Last week was a curious mix. There were two movies that turned out to be somewhat better than expected, and one that proved to be every bit as awful as one might have suspected. This week—well, we’ll see. In the mainsteam, we have two mid-range movies—Horrible Bosses and Zookeeper—since no one sees much point in shoehorning a big picture in between Transformers last week and the final Harry Potter movie next week. On the art/indie front, The Carolina opens the surprisingly strong and popular documentary Buck and the giant monster flick TrollHunter.
I’ve already seen Buck—the review is in this week’s paper—and TrollHunter—Justin’s review is in this week’s paper— so all I’m looking forward to (if that indeed is the phrase) are the mainstream titles. If there’s any confusion anywhere about TrollHunter that’s because it was going to open, then it wasn’t going to open, and now it really is going to open, but only for evening shows. I guess that makes sense—you don’t want to start your day with trolls.
Before tackling—prognostication-wise—the two remaining titles, I should note that “Asheville’s own resident movie horse, Count of War, who has appeared in feature films, made for TV movies and internet commercials” is scheduled to make personal appearances at The Carolina (presumably not inside the theater) on Friday, July 8 (5:30-8 p.m.), Saturday, July 9 (tentative time 2-5:30 p.m.), and Sunday, July 10 (11 a.m-5:30 p.m.) in connection with the opening of Buck.
Now about those other movies…
The name Seth Gordon may mean little to you, but he made something of a splash in 2007 with the documentary The King of Kong: A Fistful of Quarters. He then followed this up with the dismal Four Christmases (2008). Horrible Bosses marks the first feature he’s been given since then. What the results will be is open to question. This tale of three beleagured employees—Jason Bateman, Jason Sudeikis, Charlie Day—who scheme (with advice from Jamie Foxx) to dispose of the titular horrible bosses—Kevin Spacey, Jennifer Aniston, Colin Farrell. The big hook here appears to be casting Aniston against type as one of the bosses. The problem with this conceptually is whether or not anyone really cares about this.
The name Frank Coraci, on the other hand, may be one you’re trying to forget unless you’re an Adam Sandler fan (Click, The Waterboy). Regardless, he’s the director behind the Kevin James/talking-animal family comedy Zookeeper. It looks … tiresome. OK, it’s kind of clever that they’ve named “Joe the Lion” after a David Bowie song. But aren’t talking lions now the exclusive property of Liam Neeson as Jesus the Lion in those Narnia movies? You know, when I was a kid I used to think that a dubbed-into-English French move called The Bear (1963) was really swell. And I still like the talking animals in the “Road” Pictures. I am somewhat doubtful this will call to mind any similar mood.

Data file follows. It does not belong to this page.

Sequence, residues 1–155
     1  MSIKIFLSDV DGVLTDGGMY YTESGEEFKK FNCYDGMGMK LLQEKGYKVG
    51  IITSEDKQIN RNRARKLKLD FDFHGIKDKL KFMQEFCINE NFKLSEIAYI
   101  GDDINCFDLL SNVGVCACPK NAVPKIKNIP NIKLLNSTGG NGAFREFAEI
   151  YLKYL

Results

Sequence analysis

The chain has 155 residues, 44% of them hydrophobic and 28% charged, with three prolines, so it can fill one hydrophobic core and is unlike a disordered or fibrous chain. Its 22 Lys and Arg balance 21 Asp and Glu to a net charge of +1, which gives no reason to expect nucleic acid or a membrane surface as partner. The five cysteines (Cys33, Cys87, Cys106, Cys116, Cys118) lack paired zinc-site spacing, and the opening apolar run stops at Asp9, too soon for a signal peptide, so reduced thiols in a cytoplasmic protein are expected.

Otherwise, this is the week that The Tree of Life expands to The Carolina (it also remains at the Fine Arts). Since Midnight in Paris seems to be nigh on to unstoppable, it’s sticking around at both venues as well. Somewhat surprisingly, Cave of Forgotten Dreams has hung on in its 2D version at The Carolina, but I really expect this will be its final week.
This week’s Thursday Horror Picture Show is a Roger Coman double feature of Not of This Earth (1957) and Attack of the Crab Monsters (1957) on Thursday, July 7, at 8 p.m. in the Cinema Lounge at The Carolina. World Cinema presents John Huston’s biopic Moulin Rouge (1952) on Friday, July 8, at 8 p.m. in the Railroad Library at the Phil Mechanic Building. The Hendersonville Film Society will be showing Roger Corman’s The Young Racers (1963) at 2 p.m. on Sunday, July 10, in the Smoky Mountain Theater at Lake Pointe Landing in Hendersonville. The multi-star, multi-director If I Had a Million (1932) is this week’s Asheville Film Society offering on Tuesday, July 12, at 8 p.m. in the Cinema Lounge at The Carolina. More on all titles in this week’s Xpress.
Unless I’m missing something (and I’m sure someone will tell me if I am), this looks to be a week consisting (moviewise at least) of three art/indie titles and nothing else. That gives us 13 Assassins, Of Gods and Men and Hobo with a Shotgun. That also gives us something unusual in that I’d recommend all three titles.
Notable TV Screenings
Not exactly an overwhelming week on TCM, but there is Louisiana Purchase (1941) at 10:30 p.m. on Sunday, July 10. This largely overlooked Bob Hope comedy was his first in Technicolor and is actually better than its obscurity suggests. It’s a film version of a popular musical play and as often happens in these cases, the songs have been given rather short shrift (this may please some people, of course). The play’s political satire has been tailored to fit the Hope persona, but it comes across all the same. The highlight—apart from Dona Drake singing the title song and a musical intro used as a disclaimer about the film being fiction—is Hope’s filibuster that parodies James Stewart’s in Mr. Smith Goes to Washington (1939).
Admirers of Richard Lester should catch his first feature It’s Trad, Dad! (1962) at 6 a.m. on Tuesday, July 12. Though the traditional jazz acts and the stars may mean little to most viewers, it’s interesting to see just how fully formed Lester’s style was two full years before A Hard Day’s Night. It’s even more remarkable if you’ve seen the film that comes between the two, The Mouse on the Moon (1963), which show little of the creativity of the two films that bracket it.